History Optional Paper-1 Solution – 2009: Q.6 (a)
Q.6 (a) How far can the village assemblies or communities under the Cholas be really called democratic?
The system of village autonomy with assemblies (Sabhas and Urs) and their committees (Variyams) developed through the ages and reached its culmination during the Chola rule. Two inscriptions belonging to the period of Parantaka I found at Uttaramerur provide details of the formation and functions of village councils. It is said that during Chola period, there was democratic government at the village level as the Uttaramerur inscriptions give an idea of how a village assembly of Uttaramerur consisted of elected members. Several works like maintenance of temples, agriculture, irrigation, collection of taxes, road construction etc was looked after by the local assembly. The Chola Emperors respected the decisions of these assemblies.
Each assembly functioned autonomously in accordance with its own constitution based on custom and usage, and took care of the problems of its members at the local level. In matters affecting people of more than one assembly, decision was taken by mutual deliberation.
Local government gave a chance to population to air its grievances and to solve the problems. This strengthened the democratic characteristics of the village assemblies.
But Chola village assemblies had only some political practices as democratic. The Chola polity was absolute monarchy. The central government through its officers exercised general supervision and had right to intervene in the matter of village under emergency situations. The village assemblies had to take into account the policies of central government.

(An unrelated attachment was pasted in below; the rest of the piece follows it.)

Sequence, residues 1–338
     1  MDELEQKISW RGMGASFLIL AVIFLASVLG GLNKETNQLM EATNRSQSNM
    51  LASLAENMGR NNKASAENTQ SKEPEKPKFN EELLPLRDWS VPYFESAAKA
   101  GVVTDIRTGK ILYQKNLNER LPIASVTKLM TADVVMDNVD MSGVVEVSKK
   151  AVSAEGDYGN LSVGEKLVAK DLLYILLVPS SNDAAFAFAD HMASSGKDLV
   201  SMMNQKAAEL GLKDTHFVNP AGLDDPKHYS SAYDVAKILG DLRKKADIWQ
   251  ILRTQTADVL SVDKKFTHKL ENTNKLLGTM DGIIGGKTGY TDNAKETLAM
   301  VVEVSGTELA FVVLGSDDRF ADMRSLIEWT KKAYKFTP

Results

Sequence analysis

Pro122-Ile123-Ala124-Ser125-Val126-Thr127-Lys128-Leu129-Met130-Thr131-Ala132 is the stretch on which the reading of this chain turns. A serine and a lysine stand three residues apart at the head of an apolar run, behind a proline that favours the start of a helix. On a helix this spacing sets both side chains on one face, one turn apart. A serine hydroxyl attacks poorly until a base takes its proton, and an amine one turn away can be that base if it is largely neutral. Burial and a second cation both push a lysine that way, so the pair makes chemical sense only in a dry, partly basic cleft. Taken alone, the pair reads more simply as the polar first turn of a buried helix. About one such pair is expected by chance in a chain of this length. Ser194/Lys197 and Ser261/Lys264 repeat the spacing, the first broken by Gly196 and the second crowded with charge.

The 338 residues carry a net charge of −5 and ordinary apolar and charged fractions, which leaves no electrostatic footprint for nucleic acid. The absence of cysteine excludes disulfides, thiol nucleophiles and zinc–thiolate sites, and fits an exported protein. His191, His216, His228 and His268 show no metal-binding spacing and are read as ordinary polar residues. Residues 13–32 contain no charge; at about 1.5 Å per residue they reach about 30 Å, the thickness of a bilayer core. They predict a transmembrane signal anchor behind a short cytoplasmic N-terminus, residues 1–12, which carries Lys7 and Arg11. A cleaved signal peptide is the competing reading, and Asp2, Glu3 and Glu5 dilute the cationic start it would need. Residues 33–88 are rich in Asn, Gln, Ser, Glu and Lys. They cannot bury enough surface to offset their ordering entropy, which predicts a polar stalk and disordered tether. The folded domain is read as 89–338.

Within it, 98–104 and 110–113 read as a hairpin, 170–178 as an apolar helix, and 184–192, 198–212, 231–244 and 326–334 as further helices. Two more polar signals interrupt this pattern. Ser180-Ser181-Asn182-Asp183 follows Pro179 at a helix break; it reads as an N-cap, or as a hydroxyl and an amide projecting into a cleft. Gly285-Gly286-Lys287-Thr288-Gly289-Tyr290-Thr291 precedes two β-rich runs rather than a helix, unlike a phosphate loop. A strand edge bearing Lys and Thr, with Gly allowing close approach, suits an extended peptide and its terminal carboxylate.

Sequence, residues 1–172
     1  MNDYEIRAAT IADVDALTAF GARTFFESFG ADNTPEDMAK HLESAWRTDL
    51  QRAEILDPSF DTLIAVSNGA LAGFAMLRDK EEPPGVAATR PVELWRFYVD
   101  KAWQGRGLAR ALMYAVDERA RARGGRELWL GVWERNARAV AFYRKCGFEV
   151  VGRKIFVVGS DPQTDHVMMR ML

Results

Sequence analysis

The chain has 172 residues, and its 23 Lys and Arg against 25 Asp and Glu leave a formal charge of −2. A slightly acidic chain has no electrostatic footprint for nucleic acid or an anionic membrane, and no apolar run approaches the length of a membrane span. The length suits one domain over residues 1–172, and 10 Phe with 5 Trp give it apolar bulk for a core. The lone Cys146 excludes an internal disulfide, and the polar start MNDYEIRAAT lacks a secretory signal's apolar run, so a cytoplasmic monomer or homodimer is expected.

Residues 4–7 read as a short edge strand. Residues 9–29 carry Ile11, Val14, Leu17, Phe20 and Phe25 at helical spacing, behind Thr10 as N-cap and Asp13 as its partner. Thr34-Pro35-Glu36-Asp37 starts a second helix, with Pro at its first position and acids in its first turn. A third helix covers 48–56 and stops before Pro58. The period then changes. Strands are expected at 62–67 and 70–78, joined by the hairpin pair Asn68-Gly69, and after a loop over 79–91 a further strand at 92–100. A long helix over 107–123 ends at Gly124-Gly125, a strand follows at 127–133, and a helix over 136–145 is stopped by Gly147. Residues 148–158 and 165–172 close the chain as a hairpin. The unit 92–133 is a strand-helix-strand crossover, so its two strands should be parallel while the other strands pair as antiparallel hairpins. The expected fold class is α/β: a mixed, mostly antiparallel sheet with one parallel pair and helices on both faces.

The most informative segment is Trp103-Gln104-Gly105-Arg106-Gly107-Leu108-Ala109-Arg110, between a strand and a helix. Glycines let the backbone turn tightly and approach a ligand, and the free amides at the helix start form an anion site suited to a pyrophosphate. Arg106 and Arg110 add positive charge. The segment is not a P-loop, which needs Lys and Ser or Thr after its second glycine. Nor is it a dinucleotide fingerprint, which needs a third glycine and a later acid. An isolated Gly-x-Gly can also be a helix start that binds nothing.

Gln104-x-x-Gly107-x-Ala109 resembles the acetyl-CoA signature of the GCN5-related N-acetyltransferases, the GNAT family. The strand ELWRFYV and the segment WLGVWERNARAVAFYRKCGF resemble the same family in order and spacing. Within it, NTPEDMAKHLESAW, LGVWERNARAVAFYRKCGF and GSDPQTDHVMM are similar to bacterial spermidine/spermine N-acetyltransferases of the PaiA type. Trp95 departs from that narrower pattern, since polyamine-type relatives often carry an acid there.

There were close links between some of the Brahmana Sabhas and Chola court. Uttaramerur inscriptions state that the resolution of the Sabha was made in the presence of an official especially deputed by the King. Tanjavur inscriptions indicate that Raja Raja I issued orders to the Sabha of Cholamandalam to perform various types of services in the Brihadeshwara temple.
Other factors which indicate lack of proper democracy were:
- Candidates were elected through lot system instead of voting system.
- The members of the Ur (village assembly of non-Brahmins) consisted of the taxpaying land owners of the village. Whereas in case of Sabha (village assembly of Brahmans), membership was governed by criterion such as property ownership, family antecedents, learning and good conduct.
- There were many people, who were debarred from contesting election, for ex: relatives of criminals, those who had been on any committee for past three years.
- In actual functioning of the assemblies, no reference is found regarding quorum or decision by voting.
- Water supplies determined to a large extent that which villages would have their assemblies and which would not. Those villages which were in the central region of Kaveri river basin were under direct Royal control, while those regions which were far away and located in drier region were autonomous and contained the self governing institution.
Therefore, the village assemblies cannot be called democratic in modern sense as the grassroots democracy was not absolute.